ed,” meaning the BPD said they had sufficient evidence to prove the incident did not occur. Forty-eight, or 20.9%, of the incidents were sustained, meaning the BPD found enough evidence to prove the incident occurred. Fifty-one complaints were “not sustained,” meaning the BPD could find no evidence to prove the allegation either way. Twenty-six complaints were “exonerated,” meaning the incident occurred, but BPD found “actions of the employee were consistent with the law and Department policies, rules, regulations, and practice,” according to BPD’s website. Eight incidents were marked as a policy or training deficiency, which means the incident occurred, but BPD decided additional training or a policy revision would be sufficient to keep it from happening again. Four complaints were listed under “no action taken.” A spokesperson for BPD said the department uses this classification when they are unable to identify the accused officer and cannot investigate further. Commissioners also expressed concern over the disparity in the amount of detail for different complaints. “Some of the quality of the write-ups seemed a little insufficient,” said Commissioner Conni Todd. “I’m wondering, did they just kind of cut and paste and pull a little bit of the information, or what?” According to Todd, who said she looked over complaints from 2018, some of the reports would say that a supervisor had reviewed body camera footage, but not include detail about what that footage showed. She also said she did not see race listed in any of her reports. “There was no race component on the part of the complainant, the officer, or the suspect,” Todd said. “I would say for our committee, that might be important information to know in order to establish whether there are patterns.” Arif said he noticed that some of the complaints he reviewed had race listed if it seemed pertinent to the complaint in question. For example, if the complaint alleged an officer had racially profiled someone, race would be listed in the write-up.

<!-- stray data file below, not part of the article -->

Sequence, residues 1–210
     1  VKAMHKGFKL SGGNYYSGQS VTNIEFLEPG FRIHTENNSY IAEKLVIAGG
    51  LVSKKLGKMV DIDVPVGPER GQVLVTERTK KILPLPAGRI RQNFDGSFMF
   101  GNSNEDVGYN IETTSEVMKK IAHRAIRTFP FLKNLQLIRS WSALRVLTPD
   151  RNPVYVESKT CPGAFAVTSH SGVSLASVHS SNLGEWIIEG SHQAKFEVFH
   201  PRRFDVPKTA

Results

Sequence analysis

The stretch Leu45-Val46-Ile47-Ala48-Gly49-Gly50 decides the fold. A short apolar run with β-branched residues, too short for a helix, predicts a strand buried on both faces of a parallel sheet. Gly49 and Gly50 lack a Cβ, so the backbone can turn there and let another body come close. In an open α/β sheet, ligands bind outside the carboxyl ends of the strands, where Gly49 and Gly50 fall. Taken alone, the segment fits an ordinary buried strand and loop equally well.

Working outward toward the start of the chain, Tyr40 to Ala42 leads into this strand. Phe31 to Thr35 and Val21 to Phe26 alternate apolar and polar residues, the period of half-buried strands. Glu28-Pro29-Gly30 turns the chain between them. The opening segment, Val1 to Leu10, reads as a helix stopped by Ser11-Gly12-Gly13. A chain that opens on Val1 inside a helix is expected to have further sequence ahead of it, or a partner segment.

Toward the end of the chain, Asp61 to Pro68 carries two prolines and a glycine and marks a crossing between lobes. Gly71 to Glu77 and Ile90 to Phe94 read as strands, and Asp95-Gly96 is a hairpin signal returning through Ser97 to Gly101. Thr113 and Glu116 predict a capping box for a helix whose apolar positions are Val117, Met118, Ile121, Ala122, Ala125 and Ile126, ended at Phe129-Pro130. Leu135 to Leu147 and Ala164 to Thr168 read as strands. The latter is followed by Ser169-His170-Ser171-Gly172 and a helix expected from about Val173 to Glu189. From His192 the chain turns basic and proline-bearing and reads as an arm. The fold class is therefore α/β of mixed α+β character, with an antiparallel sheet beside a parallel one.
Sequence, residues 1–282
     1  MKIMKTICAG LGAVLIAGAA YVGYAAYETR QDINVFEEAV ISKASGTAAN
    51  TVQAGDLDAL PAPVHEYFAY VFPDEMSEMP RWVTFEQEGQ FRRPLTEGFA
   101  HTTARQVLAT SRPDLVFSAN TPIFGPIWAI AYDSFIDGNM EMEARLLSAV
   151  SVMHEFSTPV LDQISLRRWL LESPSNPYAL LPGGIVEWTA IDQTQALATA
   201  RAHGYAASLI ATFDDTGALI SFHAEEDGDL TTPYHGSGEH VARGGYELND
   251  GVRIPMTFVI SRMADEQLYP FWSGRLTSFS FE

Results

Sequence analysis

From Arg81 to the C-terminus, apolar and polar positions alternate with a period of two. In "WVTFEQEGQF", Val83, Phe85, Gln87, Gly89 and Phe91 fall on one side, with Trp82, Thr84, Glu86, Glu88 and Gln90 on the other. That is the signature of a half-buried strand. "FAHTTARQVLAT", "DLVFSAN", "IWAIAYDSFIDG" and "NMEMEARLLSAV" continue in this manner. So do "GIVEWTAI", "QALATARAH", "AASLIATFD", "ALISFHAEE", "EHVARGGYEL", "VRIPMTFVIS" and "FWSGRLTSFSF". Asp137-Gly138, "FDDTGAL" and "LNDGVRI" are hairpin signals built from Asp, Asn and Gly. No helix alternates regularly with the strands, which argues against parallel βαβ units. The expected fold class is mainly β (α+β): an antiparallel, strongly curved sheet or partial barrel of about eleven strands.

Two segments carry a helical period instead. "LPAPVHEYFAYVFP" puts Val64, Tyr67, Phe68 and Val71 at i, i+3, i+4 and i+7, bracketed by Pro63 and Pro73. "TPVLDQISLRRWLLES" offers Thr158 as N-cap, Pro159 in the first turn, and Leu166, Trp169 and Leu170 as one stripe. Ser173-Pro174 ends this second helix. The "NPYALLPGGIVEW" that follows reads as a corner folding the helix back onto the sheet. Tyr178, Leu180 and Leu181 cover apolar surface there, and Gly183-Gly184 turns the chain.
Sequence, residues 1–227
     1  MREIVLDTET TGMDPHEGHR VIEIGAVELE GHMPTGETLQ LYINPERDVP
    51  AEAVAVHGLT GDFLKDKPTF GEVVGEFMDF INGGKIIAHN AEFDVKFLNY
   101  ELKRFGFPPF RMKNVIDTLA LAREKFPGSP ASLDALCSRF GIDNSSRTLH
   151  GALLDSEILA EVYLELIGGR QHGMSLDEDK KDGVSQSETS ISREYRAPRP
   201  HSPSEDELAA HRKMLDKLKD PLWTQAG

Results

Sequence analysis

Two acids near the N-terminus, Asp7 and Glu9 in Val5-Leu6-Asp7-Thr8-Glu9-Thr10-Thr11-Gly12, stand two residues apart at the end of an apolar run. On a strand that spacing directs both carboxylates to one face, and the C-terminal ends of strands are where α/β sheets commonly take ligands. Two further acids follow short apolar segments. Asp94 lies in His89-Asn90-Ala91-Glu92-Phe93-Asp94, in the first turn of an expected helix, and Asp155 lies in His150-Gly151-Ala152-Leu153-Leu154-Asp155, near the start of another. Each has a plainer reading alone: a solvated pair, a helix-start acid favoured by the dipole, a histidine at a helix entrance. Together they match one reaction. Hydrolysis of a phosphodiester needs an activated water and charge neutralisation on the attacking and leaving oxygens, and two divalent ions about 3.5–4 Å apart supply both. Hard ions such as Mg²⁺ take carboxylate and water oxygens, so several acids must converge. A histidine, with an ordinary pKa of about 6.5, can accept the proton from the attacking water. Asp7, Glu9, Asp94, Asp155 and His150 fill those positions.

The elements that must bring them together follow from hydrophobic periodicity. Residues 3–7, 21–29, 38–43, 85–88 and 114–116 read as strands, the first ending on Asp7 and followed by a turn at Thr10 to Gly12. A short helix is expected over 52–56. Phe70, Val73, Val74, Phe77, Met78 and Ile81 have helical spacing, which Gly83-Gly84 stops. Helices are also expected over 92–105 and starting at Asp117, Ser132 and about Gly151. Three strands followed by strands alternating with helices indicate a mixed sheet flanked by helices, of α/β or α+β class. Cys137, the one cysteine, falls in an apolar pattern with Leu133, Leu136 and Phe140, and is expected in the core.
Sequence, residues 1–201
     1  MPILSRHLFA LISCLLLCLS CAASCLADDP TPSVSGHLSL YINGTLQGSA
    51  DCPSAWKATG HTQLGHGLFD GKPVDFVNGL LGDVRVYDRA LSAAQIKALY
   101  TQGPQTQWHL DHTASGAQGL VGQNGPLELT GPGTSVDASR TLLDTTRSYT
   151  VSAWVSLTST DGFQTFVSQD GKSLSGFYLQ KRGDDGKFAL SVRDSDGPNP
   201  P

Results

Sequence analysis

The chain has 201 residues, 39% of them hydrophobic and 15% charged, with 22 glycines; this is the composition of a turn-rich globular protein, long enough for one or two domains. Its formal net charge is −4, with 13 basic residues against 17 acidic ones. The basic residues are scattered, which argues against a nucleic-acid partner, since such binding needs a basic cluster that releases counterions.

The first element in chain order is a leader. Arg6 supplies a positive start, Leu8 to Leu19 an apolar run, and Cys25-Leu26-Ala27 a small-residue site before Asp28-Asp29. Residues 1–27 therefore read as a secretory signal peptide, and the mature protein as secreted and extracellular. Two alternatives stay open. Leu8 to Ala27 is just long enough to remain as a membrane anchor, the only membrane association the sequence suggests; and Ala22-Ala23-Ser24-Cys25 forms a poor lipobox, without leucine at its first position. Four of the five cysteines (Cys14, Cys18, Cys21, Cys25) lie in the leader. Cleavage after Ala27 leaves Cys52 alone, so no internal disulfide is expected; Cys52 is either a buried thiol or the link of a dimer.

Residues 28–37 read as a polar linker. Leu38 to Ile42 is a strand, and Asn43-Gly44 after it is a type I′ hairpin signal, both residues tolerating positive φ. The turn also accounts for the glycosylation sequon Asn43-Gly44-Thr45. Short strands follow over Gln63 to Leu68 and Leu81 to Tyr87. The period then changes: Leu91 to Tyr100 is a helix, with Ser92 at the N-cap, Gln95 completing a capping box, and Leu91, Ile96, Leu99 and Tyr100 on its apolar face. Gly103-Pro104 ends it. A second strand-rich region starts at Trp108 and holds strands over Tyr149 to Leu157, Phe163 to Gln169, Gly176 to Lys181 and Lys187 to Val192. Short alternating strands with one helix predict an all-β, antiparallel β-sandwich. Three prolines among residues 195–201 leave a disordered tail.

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4 | Community ■


City approves conceptual plans for Murphey Candler Park ‘lake house’ BY SAMMIE PURCELL A parking lot expansion and the final concept for a new public “lake house” have been approved for Murphey Candler Park.

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The City Council approved the conceptual plans at its April 27 meeting. The updates are part of the city’s $40 million park bond, which passed with 60% voter approval in 2018. Of that $40 million, $8.9 million was set aside for improvements to Murphey Candler Park, a 135-acre park at 1551 West Nancy Creek Drive. The council had four parking lot designs to choose from. They approved the third option, which will increase the amount of spots from 52 to 100. The plan will re-

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A site plan for the lake house at Murphey Candler Park as seen in a Feb. 22 virtual presentation.


move 42 trees, and add 55 new trees. The city first unveiled early drawings of the lake house concept at a Feb. 22 public input meeting. Parks Bond Program Manager Lee Croy said the building was well received during that meeting, and public concern shifted towards the parking lot configuration. Because of the public’s interest, the city asked for input on four different parking lot options. In a video presentation released by the city on April 13, Mack Cain, the lead landscape architect for design firm Clark Patterson & Lee, discussed each design. City spokesperson Burke Brennan said during the public input process for the parking lot, the city received 183 email responses. He said both options two and three were the most popular, but neither one received a majority. Option two would have increased parking from spots from 52 to 81 and would have removed 22 trees while adding 41, but option three is the choice the City Council ultimately approved. Cain and Croy both suggested moving forward with option three. “I feel best about number three because I think it uses the land the best and it saves the really important part, so the vegetation that we’re all concerned about,” Cain said. “It keeps a wooded feel, a shaded parking lot and it provides more cars.” Brennan said in an email that now that the concepts have been approved, design